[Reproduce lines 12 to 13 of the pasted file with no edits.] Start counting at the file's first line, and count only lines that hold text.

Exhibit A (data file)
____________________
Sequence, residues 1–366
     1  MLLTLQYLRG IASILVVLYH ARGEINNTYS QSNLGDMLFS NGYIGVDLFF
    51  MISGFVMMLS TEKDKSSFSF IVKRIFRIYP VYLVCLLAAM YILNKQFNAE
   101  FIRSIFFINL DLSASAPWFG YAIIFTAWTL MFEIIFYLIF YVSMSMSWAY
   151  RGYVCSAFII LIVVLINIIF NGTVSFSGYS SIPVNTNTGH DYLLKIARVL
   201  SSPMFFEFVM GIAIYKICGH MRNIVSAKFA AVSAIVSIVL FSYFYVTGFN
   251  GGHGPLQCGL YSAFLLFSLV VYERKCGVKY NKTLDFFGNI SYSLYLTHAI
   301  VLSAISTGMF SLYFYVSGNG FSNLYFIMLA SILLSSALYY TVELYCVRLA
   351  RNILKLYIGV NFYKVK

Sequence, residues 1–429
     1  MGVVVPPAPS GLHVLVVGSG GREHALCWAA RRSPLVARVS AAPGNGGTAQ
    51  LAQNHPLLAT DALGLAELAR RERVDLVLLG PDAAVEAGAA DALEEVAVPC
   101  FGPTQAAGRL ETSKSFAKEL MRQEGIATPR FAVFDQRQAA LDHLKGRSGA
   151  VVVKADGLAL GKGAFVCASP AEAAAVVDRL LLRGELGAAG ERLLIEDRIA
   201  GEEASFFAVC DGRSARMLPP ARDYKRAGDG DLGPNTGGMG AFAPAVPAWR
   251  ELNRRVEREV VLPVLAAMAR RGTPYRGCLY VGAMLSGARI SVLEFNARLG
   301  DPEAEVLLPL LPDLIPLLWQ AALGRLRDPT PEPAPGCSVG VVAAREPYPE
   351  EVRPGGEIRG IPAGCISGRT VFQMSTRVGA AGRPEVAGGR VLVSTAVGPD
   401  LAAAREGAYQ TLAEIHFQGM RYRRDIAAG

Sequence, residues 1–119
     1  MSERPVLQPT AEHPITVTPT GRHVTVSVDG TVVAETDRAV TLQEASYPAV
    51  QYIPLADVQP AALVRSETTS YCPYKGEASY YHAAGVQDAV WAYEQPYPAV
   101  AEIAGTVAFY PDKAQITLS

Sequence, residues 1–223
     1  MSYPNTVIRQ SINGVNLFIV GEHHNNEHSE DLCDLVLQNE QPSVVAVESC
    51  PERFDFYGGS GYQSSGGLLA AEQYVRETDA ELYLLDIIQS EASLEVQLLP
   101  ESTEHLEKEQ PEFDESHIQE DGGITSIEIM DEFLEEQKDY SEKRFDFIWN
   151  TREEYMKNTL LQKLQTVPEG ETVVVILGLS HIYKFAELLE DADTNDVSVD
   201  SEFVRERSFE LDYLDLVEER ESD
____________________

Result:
    51  LAQNHPLLAT DALGLAELAR RERVDLVLLG PDAAVEAGAA DALEEVAVPC
   101  FGPTQAAGRL ETSKSFAKEL MRQEGIATPR FAVFDQRQAA LDHLKGRSGA